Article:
Layoffs are hard and they affect everyone, both those laid off, and those who stay. For those who were laid off, there are huge mental and financial implications. We feel for them. For those who stay – they are the future of your company. And they also experience mental and work-related stresses. The potential negative impacts should not be overlooked.
There are many questions and doubts that will arise, such as:
- Am I safe? Will there be more layoffs?
- Should I go look for another job that’s more secure?
- So and so are top performers and they are impacted. This does not seem fair. What does it take to succeed here?
- The company is making good profits and even growing. Why is this happening?
Guiding Your Team to Success After a Layoff
Let me put it bluntly: companies that are “doing well” and are also laying off employees should attribute this to a management failure. However, managers can make smarter decisions if they are operating and making decisions in the fog. That can only lead to poor outcomes and bad consequences.
After the layoffs, the leaders of a company must handle the situation very differently – no one wants to experience what happened at Twitter.
What changes should you make?
Here are some considerations and a 3-phase process for your remaining team:
Phase 1: What to do immediately or within the 1st week of the layoff announcement.
After the news, act quickly to have one-on-one meetings with your team. Do that within the same day or no more than a few days later. Listen actively to the conversation and take notes for future action plans. Be honest and transparent about addressing their concerns.
Phase 2: Challenges to address in a few weeks
With fewer people, there will not be immediate less work. Customers are still there. So are projects, even winding them down takes time. Who will cover what? How not to create burn out, or drop the ball that negatively affects business or customers?
- Solution 1: With a leaner team improving focus and prioritization becomes a must. This includes connecting the different initiatives with the overall business objectives and regularly shifting as needed.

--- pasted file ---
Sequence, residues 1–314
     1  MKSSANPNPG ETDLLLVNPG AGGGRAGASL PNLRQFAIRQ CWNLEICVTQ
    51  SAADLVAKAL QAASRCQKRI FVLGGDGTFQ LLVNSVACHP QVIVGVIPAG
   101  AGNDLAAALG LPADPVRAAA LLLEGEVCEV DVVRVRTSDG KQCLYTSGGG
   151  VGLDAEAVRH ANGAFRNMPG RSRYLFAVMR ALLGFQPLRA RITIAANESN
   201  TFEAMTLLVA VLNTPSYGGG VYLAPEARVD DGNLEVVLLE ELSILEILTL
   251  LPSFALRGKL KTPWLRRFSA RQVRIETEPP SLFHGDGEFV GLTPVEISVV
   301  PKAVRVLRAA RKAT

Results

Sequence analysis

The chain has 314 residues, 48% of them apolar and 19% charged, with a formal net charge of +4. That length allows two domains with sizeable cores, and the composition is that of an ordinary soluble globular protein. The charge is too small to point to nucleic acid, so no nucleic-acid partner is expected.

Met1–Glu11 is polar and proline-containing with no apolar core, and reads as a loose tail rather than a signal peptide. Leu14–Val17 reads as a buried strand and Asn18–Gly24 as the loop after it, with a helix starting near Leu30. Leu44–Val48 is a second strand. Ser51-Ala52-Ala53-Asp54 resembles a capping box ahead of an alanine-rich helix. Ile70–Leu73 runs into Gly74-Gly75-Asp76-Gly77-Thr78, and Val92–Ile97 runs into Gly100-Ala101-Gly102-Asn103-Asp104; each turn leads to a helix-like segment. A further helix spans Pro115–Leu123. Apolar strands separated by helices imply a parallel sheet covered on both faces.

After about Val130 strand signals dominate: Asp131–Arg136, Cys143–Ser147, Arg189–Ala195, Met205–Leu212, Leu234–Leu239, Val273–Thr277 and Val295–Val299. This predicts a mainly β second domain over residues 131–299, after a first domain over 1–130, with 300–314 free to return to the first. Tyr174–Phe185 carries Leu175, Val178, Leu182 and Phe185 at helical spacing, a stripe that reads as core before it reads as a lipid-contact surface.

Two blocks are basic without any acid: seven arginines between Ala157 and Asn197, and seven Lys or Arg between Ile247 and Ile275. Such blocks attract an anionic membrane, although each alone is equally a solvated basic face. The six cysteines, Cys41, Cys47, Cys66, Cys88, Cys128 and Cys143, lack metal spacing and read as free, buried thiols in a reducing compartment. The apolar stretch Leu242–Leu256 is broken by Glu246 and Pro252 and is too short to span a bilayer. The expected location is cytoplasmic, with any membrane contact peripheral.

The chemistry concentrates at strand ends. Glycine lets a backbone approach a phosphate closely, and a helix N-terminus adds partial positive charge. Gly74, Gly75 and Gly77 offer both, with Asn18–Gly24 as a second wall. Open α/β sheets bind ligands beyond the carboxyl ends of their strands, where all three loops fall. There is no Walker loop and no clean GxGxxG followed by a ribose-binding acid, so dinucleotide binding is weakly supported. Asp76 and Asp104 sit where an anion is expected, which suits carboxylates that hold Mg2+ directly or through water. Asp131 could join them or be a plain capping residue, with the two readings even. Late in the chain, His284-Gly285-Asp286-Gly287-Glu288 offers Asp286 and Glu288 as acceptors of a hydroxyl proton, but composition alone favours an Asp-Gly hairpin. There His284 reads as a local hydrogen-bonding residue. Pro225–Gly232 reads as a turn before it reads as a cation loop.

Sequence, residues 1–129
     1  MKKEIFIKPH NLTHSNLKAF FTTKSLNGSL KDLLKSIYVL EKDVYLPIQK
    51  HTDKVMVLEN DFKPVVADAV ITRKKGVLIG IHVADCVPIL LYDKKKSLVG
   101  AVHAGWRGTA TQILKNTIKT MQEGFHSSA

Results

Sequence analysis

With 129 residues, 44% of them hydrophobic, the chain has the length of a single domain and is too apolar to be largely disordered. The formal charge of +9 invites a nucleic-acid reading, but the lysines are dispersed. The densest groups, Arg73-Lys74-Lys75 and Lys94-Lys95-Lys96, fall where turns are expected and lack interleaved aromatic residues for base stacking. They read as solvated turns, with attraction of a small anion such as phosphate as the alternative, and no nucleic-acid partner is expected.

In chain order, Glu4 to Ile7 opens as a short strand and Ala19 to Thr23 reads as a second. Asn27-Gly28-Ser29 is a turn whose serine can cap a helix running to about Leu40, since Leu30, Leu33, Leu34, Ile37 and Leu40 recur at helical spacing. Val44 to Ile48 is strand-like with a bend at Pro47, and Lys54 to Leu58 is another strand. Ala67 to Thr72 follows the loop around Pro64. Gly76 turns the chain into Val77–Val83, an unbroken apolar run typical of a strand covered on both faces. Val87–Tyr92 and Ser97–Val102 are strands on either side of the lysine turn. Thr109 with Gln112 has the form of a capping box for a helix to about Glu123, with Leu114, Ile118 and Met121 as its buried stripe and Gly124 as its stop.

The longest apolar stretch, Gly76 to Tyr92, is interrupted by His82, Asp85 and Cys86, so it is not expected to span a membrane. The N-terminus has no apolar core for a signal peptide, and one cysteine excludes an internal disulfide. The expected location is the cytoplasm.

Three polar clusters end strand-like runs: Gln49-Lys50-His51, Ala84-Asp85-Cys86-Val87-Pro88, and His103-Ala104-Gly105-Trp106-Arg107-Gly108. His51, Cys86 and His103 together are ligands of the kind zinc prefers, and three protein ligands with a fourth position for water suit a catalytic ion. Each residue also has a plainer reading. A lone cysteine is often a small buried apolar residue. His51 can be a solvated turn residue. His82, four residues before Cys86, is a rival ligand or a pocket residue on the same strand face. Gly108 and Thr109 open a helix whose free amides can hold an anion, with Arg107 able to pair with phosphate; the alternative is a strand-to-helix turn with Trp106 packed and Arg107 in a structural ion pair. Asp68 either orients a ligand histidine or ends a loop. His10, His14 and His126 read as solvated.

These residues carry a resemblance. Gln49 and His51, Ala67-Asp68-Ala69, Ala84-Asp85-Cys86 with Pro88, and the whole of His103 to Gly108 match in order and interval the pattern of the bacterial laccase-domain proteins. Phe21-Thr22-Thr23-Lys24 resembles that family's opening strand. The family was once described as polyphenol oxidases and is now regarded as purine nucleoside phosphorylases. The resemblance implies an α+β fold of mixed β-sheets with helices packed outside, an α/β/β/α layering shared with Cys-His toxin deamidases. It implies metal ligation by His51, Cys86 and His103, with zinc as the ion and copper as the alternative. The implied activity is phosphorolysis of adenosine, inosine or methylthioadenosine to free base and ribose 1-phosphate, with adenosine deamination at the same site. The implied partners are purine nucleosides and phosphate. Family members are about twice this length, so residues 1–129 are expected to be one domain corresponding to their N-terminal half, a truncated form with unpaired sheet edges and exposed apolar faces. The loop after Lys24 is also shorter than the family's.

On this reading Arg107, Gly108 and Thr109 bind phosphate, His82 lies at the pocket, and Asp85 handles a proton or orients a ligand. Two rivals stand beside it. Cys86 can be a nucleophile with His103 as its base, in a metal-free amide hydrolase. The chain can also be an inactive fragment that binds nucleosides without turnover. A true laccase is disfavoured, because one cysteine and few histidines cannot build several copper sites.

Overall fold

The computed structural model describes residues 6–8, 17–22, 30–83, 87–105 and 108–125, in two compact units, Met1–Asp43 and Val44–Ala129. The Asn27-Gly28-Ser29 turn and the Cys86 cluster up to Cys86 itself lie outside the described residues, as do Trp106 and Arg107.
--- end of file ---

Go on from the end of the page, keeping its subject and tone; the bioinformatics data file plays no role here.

- Solution 2: Reduce overhead work (like reporting, stakeholder updates, etc.) via automated, customized real-time roadmap and updates, using tools to improve efficiency.
How do we create a plan forward after a layoff?
The first step after a layoff is to get everyone on the same page. All the teams need to be aligned and working towards the same goals. A good way to do this is by including other teams in the planning process. This way, everyone knows what’s going on and can work together to make sure that the initiatives have the necessary resources.
Any roadblocks should be called out early. This way you have time to adjust your plans and avoid any nasty surprises later on. And, if you want to make sure everyone is on the same page, use tools to help with alignment and communication. They can be a big help in keeping everyone in sync.
Phase 3: Review and revamp how you will work for future success
Currently, the idea of acquiring a new tool may not be top of mind, however, it’s worth considering from a different perspective. The right tool can help a business do more with less:
- Want to boost revenue? Connect features with revenue and retention goals. You’ll always know where the needs vs the resources and the current plans, making it easier to make adjustments.
- Want to save money? Cut down on all those spreadsheets and decks. It’ll be like having an extra person for every 5 PMs.
- Want to get the most out of your resources? With easy planning, you can avoid wasting engineering resources on waiting or getting blocked by cross-team dependencies.
Dragonboat has helped 3,000+ product teams deliver better business outcomes. If you want to find out more about our solutions, book a demo today.